Microsoft Corp. has donated $25,000 to the award for the return of 15-year-old Brandon Crisp, who was apparently obsessed with the Xbox game Call Of Duty 4.
The Barrie, Ontario teen disappeared after running away from home when his parents banned him from using the game console. It’s feared he is being held against his will by someone he met while playing the game online. The story has caused a deluge of discussion about youth and video games, parental supervision and online safety.
A wise move by Microsoft, then, to publicly display their concern for gaming addiction among what’s probably still their largest core base. The software giant is also helping track down the more than 200 gamers Brandon had tagged on his Xbox, as it’s suspected one of those people lured him away.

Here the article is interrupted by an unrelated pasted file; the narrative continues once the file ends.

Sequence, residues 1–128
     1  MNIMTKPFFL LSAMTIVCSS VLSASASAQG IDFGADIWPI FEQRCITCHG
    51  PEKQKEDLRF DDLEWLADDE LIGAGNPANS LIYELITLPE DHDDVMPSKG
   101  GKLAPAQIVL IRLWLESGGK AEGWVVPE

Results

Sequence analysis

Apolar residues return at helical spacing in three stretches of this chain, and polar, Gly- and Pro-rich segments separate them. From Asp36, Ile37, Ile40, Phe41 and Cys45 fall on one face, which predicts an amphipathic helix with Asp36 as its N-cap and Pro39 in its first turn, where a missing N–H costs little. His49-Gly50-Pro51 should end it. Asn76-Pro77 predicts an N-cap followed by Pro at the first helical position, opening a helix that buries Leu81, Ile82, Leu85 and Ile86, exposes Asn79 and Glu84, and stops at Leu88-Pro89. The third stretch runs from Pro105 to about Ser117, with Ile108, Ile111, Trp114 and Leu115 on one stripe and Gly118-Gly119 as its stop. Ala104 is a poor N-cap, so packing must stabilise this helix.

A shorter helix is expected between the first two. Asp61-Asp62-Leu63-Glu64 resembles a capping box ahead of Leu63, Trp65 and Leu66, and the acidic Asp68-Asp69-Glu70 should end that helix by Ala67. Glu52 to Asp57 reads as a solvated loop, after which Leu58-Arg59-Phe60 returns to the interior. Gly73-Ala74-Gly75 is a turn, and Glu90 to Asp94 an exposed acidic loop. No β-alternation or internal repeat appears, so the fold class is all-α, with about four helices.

The donation doubles the award to $50,000.
I’m a firm believer in blaming the addiction rather than the object of it, so I personally find it makes no sense to blame Microsoft for any of this. I also know that many people don’t see it that way.
Microsoft clearly wants to show that gaming and the Xbox can be a part of a normal teen lifestyle, so the donation-and their full support in tracing the gamers on Brandon’s list-will make great strides towards convincing naysayers.
Here’s hoping their efforts lead to Brandon’s safe return.[ad]